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EC balks at planned joint venture from large music licensing companies

EC balks at planned joint venture from large music licensing companies

But the 'collecting societies' of the U.K., Sweden and Germany are defending their plan, unveiled in 2013

Online music could become more expensive in the European Union (EU) if a joint venture of licensing companies gets the green light, according to the European Commission, which started an in-depth investigation into the planned collaboration on Wednesday.

The Swedish, British and German music copyright collecting societies unveiled their plan to work together on the online licensing of musical works in 2013. The joint venture, which aims to create easier access for digital music services to clear music rights as well as faster and more precise payments of royalties to rights holders, was set to start offering services in 2015.

However, that will have to wait. The Commission's preliminary investigation indicated that the combination of the music repertoires currently controlled by each of the societies "could result in higher prices and worsened commercial conditions for digital service providers" such as streaming music services like Spotify or Deezer. "This could lead, ultimately, to higher prices and less choice for European consumers of digital music," it said.

The companies involved are the U.K.'s PRS for Music Limited (PRSfM), Sweden's STIM and Germany's GEMA, which manage the copyrights of performers and creators of musical works. They also grant licences on their behalf and collect royalties.

The EC is concerned the joint venture may reduce competition, arguing that its creation would trim the number of meaningful market players and consequently could violate the EU Merger Regulation.

The aggregation of repertoires of the most important collecting societies in Europe could lead to increased bargaining power for the joint venture. "This may enable the joint venture to charge higher prices and to grant worse commercial terms and conditions," which in turn, could lead to higher prices, less choice and less innovation for digital music end users in the EU, it said.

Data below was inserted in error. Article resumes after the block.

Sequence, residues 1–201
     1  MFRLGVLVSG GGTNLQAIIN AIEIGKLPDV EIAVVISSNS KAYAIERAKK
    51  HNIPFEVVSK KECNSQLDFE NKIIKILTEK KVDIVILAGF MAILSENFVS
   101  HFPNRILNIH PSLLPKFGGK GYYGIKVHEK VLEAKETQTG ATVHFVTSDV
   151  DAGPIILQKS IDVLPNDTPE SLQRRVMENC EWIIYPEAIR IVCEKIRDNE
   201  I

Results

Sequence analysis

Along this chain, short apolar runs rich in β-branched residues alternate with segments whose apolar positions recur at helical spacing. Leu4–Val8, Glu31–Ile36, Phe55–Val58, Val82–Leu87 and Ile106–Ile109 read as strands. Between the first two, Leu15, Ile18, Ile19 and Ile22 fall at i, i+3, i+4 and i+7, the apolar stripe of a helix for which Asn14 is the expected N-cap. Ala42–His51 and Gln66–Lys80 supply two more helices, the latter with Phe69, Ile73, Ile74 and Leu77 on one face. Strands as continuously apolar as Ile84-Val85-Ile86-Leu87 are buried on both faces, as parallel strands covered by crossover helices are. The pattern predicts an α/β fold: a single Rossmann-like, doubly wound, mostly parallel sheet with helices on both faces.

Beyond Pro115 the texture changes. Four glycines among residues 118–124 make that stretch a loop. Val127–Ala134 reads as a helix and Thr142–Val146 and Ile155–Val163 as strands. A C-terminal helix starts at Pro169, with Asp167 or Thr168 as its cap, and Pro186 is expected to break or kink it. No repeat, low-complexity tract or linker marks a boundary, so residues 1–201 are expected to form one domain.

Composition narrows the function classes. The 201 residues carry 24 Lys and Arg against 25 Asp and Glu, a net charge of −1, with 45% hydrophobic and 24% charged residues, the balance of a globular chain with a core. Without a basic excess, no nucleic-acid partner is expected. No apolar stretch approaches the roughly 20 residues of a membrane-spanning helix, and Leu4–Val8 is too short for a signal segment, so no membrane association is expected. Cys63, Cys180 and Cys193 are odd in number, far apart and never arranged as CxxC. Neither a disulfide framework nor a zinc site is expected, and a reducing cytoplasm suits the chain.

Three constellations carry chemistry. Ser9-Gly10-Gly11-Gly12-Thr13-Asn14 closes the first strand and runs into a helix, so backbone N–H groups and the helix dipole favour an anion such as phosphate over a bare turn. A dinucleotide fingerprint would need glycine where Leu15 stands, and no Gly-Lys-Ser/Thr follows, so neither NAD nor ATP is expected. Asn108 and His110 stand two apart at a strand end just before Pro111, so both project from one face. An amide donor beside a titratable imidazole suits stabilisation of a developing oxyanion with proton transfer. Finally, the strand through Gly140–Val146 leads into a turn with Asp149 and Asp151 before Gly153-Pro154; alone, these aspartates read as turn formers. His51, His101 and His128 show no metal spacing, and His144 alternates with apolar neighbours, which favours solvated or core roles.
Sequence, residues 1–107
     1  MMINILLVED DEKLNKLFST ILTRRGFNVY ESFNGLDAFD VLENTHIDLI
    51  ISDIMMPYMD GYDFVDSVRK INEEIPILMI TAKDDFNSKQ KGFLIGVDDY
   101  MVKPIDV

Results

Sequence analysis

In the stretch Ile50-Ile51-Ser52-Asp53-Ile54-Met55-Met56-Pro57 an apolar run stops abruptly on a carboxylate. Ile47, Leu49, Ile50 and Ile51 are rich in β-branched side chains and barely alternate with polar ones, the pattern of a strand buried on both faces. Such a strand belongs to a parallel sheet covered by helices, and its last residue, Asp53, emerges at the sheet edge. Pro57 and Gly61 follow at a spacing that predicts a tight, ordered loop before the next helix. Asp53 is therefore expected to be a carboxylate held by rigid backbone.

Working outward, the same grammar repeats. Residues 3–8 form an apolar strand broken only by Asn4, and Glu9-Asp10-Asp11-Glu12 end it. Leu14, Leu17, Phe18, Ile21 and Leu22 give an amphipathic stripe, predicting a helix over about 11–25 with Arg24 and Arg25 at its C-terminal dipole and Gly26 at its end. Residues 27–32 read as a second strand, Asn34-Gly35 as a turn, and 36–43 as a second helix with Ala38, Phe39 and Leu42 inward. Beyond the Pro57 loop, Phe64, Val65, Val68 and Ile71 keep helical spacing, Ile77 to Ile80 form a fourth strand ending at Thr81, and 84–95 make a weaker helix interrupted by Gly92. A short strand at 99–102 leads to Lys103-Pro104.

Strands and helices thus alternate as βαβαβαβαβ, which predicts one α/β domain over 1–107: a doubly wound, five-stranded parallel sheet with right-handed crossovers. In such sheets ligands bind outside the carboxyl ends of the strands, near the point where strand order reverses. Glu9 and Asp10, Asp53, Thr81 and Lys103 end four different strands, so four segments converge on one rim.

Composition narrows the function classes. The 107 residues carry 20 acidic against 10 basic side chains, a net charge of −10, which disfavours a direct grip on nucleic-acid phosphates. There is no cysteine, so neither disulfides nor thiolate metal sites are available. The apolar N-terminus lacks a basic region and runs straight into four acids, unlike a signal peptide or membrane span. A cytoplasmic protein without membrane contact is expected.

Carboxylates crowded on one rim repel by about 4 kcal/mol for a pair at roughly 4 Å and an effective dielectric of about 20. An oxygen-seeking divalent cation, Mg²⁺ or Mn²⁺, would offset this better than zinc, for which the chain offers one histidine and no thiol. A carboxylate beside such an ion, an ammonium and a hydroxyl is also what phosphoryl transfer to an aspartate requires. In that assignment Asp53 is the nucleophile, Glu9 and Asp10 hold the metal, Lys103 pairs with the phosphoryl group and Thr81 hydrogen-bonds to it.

However, that doesn't necessarily have to be the case. The Commission emphasized that its investigation must determine whether the competition concerns are confirmed.

Meanwhile, the rights management organizations behind the venture said they want to continue with their plans as they are convinced that their vision for a new licensing and processing hub will benefit the market.

The joint venture has been developed in order to reduce licensing and distribution challenges currently inherent to the digital marketplace, they said in a response to the investigation, adding that they look forward to providing the Commission with further analysis and market data.

Instead of harming the market, the aggregation of repertoires for pan-European licences is meant to result in simplified licensing for online music companies. In particular, it will be able to assist smaller players, helping them start operating on a pan-European basis more quickly and efficiently.

What's more, it also aims to solve the problem of split-copyright invoicing ensuring that the systems will record copyrighted works accurately, reducing the possibility of licensees receiving incorrect invoices and eliminating hold ups and disputes, the societies said.

Interested parties will now be asked for more detailed input. The vast majority of notified mergers do not pose competition problems and are cleared after a routine review, said the Commission.

Loek is Amsterdam Correspondent and covers online privacy, intellectual property, online payment issues as well as EU technology policy and regulation for the IDG News Service. Follow him on Twitter at @loekessers or email tips and comments to loek_essers@idg.com

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